The third figure, the beast from the land, serves an important role in advancing the worship of the beast through the creation and animation of a cultic image (Rev 13:13-15). The creation of this image reflects practices in the first century associated with the worship of the Roman Emperor. The practice of directing cultic honors toward the emperor was an important feature of the religious landscape in the late first century AD. Beyond engagement with this element in John’s day, the depiction in Rev 13 alludes to Daniel 3 and the image of Nebuchadnezzar. The worship of the beast from the sea and its image is advanced through the military power (13:15; cf. 13:7-10) and economic authority (13:16-18) of the beast from the land.

Although the imagery is cast in the first-century context, the figure of the beast from the sea appears to transcend identification simply with the reigning emperor. In light of wider anticipation of an eschatological opponent (i.e. 2 Thess. 2), it seems best to identify the beast as modeled after the authority of the emperor, understood through the lens of Daniel 7, and as anticipating a final political and religious authority in opposition to the people of God.

The Worship of the Lamb

The condemnation of the worship of the beast and its image as ultimately associated with the dragon/Devil provides only one aspect of John’s response. Although this worship appears to be widespread among the earth-dwellers, John provides his readers with the heavenly perspective that not only unmasks the nature of evil but also provides a compelling picture of the reality of heavenly worship. The vision of the heavenly throne room in Revelation 4-5 draws heavily upon imagery in Isaiah 6, Ezekiel 1, and Daniel 7. In doing so, the reader is able to identify the scene with these significant visions in the Old Testament. It is in this context that the Lamb is introduced and given worship alongside the One seated on the throne (5:12-13; cf. 4:11; see also 7:9-10). For those facing the hostility of an idolatrous culture as a result of exclusive devotion to Christ, these visions provide encouragement to remain faithful despite what appears to be the case on earth. For those facing the hostility of an idolatrous culture as a result of exclusive devotion to Christ, these visions provide encouragement to remain faithful despite what appears to be the case on earth. Click To Tweet

The Final Vision

The final vision contains the last direct references to idolatry in the book of Revelation. The two passages, Revelation 21:8 and 22:15, provide descriptions of those excluded from sonship and from access to the tree of life, respectively. The lists are not identical, but there are several terms in common between the two. Two of the elements, “the sexually immoral” and “idolaters,” draw a connection back to the condemnation of the false teachers in Revelation 2. With the later term in Revelation 21:8 and 22:15, the focus is upon those who commit idolatry rather than the consumption of food. The references to “lying”/“falsehood” challenge the false apostles/teaching condemned in chapters 2-3 as well as the false prophet/beast from the land. These statements in Revelation 21 and 22 serve as final warnings against these practices as inappropriate for the people of God.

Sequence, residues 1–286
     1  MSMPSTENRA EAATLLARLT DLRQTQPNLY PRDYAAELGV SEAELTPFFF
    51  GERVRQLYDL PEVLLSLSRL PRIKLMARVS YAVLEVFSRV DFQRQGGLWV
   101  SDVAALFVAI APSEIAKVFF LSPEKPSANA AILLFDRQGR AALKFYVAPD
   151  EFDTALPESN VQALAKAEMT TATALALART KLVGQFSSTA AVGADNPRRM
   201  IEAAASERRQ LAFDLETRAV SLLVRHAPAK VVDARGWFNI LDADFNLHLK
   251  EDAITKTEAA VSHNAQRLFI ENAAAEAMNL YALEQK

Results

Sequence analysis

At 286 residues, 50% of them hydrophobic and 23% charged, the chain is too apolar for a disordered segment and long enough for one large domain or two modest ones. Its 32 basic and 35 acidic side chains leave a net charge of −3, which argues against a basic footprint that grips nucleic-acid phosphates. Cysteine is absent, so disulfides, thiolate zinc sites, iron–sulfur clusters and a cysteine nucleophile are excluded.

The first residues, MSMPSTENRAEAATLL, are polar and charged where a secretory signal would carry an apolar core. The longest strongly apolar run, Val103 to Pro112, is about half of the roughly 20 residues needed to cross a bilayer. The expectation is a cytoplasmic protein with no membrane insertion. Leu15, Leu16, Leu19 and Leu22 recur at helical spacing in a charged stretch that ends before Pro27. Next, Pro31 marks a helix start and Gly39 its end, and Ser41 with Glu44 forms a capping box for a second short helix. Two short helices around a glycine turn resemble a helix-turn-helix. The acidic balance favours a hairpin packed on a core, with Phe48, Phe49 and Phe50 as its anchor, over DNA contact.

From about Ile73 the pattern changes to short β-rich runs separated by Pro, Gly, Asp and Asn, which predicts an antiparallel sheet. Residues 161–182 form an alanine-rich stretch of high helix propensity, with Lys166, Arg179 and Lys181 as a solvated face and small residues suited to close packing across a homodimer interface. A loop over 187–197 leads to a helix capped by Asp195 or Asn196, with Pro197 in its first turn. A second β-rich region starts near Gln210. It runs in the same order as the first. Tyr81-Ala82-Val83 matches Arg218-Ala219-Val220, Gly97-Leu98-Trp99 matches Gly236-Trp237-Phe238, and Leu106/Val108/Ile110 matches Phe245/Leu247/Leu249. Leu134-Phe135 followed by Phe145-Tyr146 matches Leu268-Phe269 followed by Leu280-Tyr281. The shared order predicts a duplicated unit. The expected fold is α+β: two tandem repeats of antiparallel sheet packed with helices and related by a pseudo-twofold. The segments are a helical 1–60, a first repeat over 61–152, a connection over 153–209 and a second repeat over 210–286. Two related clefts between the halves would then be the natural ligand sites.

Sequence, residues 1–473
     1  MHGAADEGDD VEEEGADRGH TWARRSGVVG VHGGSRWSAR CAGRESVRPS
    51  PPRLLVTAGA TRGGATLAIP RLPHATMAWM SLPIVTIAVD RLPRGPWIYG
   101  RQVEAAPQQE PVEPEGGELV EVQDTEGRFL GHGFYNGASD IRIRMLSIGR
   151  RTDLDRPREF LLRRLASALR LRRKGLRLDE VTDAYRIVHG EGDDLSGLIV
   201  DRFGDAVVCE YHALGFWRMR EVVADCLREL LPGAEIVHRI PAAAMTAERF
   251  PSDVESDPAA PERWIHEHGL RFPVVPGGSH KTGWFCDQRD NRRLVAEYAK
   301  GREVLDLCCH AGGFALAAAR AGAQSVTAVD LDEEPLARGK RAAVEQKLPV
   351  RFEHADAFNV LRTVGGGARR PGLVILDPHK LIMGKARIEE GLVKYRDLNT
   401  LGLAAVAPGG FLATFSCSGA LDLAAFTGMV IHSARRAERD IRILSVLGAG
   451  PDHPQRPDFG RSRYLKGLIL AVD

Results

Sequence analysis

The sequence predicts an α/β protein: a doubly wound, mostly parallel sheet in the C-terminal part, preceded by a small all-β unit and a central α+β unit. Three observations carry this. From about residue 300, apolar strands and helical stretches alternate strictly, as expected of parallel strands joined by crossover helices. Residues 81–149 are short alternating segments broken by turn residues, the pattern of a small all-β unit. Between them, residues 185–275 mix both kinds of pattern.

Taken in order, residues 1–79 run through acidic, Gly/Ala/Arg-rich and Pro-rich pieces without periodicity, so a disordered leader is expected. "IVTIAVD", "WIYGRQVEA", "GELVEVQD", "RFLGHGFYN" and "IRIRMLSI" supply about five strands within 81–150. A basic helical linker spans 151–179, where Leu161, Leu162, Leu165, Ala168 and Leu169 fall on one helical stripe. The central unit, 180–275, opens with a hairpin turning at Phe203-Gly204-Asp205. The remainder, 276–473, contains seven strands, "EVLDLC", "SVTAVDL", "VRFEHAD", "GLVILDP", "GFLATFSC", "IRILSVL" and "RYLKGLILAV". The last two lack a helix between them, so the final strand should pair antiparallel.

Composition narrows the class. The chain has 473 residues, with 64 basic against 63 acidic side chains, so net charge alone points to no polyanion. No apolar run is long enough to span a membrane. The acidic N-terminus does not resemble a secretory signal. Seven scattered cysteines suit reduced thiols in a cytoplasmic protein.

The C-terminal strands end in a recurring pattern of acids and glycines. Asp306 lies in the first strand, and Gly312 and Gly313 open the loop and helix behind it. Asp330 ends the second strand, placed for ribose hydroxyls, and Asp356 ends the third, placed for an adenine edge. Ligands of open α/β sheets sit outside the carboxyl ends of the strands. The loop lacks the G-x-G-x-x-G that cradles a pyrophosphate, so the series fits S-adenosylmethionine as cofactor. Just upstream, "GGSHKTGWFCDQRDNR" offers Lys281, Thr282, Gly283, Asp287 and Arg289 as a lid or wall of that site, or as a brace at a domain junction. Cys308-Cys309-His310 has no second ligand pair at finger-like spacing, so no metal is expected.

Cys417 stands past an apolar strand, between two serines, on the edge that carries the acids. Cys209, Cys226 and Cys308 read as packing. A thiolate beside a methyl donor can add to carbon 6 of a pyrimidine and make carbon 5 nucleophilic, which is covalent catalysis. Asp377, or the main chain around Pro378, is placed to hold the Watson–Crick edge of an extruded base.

Concluding Reflections

As John addresses these various issues dealing with idolatry, he engages the problem in a way that speaks to the context of his day as well as future generations. Within the book as a whole, several conclusions may be drawn:

First, John calls followers of the Lamb to think critically about the nature of cultural accommodation and idolatry. Although the language in Revelation is cast in the context of pagan religion and images created to represent various gods, the call to abstain from practices accommodating the culture in a way that betrays one’s exclusive devotion to Christ remains relevant today.

Second, John demonstrates that divine judgment does not solve the problem of idolatry. The issues of repentance and conversion are worthy of attention in the book, and John’s emphasis upon “witness” provides an important insight into the conversion of the “tribes, tongues, peoples, and nations” in the book.

Finally, John’s discussion in Revelation encourages followers of Christ toward faithful devotion to the Lamb and the One seated on the throne. In a world filled with various religions and forms of worship, John demonstrates the reality of the worship taking place in the heavenly throne room. All forms of idolatry fall woefully short of this reality, and this heavenly practice will find a full and final expression in the new heavens and new earth.

Michael Naylor

Michael Naylor is Associate Professor of New Testament at Columbia International University. He is the author of the forthcoming book, Complexity and Creativity: John’s Presentation of Jesus in the Book of Revelation. 

Back to Top